Recipe Source: Anonymous. An Early Northern Cookery Book. Rudolf Grewe and Constance B. Hieatt, eds. Arizona Center for Medieval and Renaissance Studies, Tempe, 2001 p. 33.
There's something going around. My friend Hugh calls it the Dreaded Lurgy, which I think he got from a BBC Radio show when he was a kid. It sounds about right, and it has hit me hard. I haven't been cooking this week. I've been lying here aching and lacking the energy to do more than go, "Ugh." Seriously, it's been icky, and to be honest I shouldn't have even been allowed around food. I think I'm starting to come around, although I still feel pretty lousy. I'm able to sit here and write up recipes instead of looking at pictures of abandoned buildings for starters. Anyway, since I haven't been cooking I'm able to work on my backlog, and that's a good thing. That's a good thing because some of these recipes have lingered for a very long time.
How long you ask? This one has lingered since May 6. I was looking at my menu for the big German feast. Everything on my intended menu was documentable to Germany except one sauce. My primary sauce was a shallot sauce to be served with the Roast Beef, but one of my favorite people has a strong allergy to raw onion. I knew he'd be there and I wanted to serve something he could eat as well. I'd initially intended to serve Horseradish Sauce for his benefit - he loves horseradish and horseradish is indeed tasty - but the horseradish sauce is either Italian or Spanish depending on your point of view. I wanted this to be purely German. At the last possible minute I went through and found an alternative sauce and this was it.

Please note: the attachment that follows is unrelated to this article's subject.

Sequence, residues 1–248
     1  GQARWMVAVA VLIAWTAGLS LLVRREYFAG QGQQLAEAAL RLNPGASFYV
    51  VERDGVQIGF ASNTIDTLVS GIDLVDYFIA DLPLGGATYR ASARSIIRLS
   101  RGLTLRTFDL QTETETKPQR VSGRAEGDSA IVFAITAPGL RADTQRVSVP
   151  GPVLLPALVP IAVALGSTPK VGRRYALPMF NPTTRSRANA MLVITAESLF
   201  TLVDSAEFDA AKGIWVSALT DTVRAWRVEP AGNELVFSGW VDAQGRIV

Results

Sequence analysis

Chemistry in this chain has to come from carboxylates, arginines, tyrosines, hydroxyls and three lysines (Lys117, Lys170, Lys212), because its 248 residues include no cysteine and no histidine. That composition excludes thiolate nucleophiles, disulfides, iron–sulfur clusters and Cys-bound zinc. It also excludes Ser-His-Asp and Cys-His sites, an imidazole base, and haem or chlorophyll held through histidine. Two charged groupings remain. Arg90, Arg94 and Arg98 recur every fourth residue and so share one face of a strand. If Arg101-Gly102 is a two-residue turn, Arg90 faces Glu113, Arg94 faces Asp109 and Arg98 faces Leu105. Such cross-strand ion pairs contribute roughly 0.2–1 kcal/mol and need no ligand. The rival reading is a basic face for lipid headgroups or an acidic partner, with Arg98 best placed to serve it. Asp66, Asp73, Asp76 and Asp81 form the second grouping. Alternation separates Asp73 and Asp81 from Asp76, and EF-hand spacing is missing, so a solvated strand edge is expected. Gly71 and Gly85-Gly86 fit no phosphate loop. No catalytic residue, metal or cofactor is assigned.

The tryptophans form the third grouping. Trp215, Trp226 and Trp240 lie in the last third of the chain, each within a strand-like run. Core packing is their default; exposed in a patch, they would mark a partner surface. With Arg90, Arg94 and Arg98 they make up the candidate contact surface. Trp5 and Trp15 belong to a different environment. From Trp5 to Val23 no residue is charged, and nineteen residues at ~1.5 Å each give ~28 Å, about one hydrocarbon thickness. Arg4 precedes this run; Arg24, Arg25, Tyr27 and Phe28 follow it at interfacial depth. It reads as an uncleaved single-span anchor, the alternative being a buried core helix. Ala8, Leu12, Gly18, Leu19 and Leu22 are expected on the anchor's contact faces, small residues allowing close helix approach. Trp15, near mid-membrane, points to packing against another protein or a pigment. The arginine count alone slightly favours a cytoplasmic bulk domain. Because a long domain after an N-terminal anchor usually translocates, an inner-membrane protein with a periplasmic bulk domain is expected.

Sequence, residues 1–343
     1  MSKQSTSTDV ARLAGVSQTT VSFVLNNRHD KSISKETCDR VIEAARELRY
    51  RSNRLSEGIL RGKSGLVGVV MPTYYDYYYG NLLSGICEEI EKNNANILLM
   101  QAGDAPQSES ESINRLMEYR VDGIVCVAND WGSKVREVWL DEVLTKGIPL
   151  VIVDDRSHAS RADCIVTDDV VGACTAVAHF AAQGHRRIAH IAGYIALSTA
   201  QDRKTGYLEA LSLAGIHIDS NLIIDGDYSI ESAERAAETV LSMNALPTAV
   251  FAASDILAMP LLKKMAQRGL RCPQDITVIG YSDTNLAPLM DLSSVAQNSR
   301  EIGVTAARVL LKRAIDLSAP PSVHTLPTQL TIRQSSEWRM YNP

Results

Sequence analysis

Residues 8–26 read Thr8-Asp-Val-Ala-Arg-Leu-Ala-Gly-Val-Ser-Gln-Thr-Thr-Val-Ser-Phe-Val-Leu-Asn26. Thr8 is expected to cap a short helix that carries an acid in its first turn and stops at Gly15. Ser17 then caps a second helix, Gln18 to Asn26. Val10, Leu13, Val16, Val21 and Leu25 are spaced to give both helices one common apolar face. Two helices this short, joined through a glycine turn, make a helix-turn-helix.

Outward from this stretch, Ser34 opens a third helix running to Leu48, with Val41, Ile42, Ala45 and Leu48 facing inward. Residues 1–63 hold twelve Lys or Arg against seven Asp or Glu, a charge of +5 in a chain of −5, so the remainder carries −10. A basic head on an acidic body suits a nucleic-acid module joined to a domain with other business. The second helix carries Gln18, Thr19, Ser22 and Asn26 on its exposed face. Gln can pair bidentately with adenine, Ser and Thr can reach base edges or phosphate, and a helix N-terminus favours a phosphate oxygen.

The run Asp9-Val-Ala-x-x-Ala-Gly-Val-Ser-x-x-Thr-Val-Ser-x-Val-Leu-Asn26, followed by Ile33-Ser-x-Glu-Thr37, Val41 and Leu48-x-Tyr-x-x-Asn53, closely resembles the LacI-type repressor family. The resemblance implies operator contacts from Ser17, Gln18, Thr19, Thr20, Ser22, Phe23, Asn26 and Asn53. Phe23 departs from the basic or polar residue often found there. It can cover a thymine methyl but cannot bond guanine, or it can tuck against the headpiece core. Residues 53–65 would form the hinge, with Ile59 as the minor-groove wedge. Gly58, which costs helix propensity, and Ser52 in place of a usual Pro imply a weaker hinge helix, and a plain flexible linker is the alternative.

There are three whole ingredients to this sauce. The original did call for just the unripe grapes instead of their juice, but I'm afraid that those are in rather short supply at most of the markets in the greater Boston area. I used verjus, which is the juice of unripe grapes. It is not an uncommonly required medieval ingredient. You can spend an awful lot of money on the stuff from specialty markets, you can order it from Amazon.com (note the convenient little link down at the bottom of your screen!) or you can go to a "Mediterranean" market and spend not much money at all on a larger quantity. Your choice. Maybe you don't have a "Mediterranean" market near you. The original is described as being good for fresh meat, for one day, with "goose, fresh pork and beef." I haven't tried it with goose but I can see where the sourness would go very well with that particular fowl.
Verjus Sauce (serves 8; approx. cost per serving not available)
1/2 cup verjus
5 garlic cloves
1/2 teaspoon kosher or sea salt
- Mini-prep miniature food processor
- Combine the ingredients in the food processor.
- Serve with meat.